ASHEVILLE, NC – Jamal Valentine had a special relationship with his father. That relationship is perhaps best represented by a normal day just a few years ago. There wasn’t anything major happening that day, other than that Jamal’s father had gotten new rims on his Mercedes and was feeling particularly good about himself. He and his son were on their way to a pickup basketball game at their church, and the drive from home to gym was something fairly common between the two of them.
“There were a lot of times just being in the car with him, listening to music and just talking,” Jamal said. “I remember taking a picture of the two of us that day and seeing him smile and us bonding that day. Plus we actually whooped up on them, so that made it a good day right there.”
Jamal has many of those memories that he has held on to in the months since his father lost his battle to cancer in late November, 2016. And it’s those memories that he wants to memorialize with the release of a new five-song EP that he’s calling “RIP MY Pops.” The EP is slated to drop on Jamal’s birthday, March 9.
“This is basically a memoir to my pops,” Jamal said. “This is part one, and part two will be coming and I hope to release it on June 2, which would have been his birthday. There are shout-outs to him in all the songs – either through a couple of bars or in each of the intros – and he is referenced in some way throughout the entire project.”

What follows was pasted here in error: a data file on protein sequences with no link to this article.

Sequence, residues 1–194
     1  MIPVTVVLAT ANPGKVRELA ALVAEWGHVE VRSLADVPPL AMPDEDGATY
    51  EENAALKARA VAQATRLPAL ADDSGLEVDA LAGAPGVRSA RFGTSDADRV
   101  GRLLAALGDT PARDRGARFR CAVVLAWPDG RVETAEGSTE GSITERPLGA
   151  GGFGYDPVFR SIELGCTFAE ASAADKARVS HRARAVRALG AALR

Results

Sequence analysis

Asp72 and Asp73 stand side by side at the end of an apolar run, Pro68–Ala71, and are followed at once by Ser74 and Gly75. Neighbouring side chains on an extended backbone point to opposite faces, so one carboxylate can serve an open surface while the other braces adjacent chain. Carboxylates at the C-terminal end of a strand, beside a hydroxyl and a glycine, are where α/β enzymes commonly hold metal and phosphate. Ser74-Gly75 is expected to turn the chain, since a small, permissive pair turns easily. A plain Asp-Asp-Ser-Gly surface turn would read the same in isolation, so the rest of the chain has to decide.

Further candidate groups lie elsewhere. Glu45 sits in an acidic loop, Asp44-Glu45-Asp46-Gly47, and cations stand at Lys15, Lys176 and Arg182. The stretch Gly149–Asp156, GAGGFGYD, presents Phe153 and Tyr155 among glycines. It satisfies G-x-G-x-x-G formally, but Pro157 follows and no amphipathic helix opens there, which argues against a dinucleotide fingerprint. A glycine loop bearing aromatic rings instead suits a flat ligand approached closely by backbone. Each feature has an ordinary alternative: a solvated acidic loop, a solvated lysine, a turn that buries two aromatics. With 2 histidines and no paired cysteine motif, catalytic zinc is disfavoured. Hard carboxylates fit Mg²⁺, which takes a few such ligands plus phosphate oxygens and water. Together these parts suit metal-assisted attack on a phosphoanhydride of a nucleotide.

Jamal said the fifth song on the EP, called “When It Rains (Paint This Perfect Picture),” is the most specific of the five songs to talk about the battle that his father faced in dealing with the cancer. He said it’s a powerful song, though somewhat with a darker vibe, because it’s something that most people will be able to relate to and feel when they hear it.
“That’s what I want people to get out of my music,” he said, “the real-ness. There ain’t nothing fabricated. I don’t talk about anything that I ain’t doing. People can really relate to it. If I’m going to talk about things in my music, I have to be able to relate to it and feel it. And I know that people who listen to it should be able to relate to it and feel it, too, because everything is coming from the soul for me.”
Jamal, who often goes by J-Val when performing, said he has a unique sound that blends his southern roots with some of the pop rap starting to rise within the industry, as well as some throw-back sounds to the old-school rappers of the 1980s and 90s.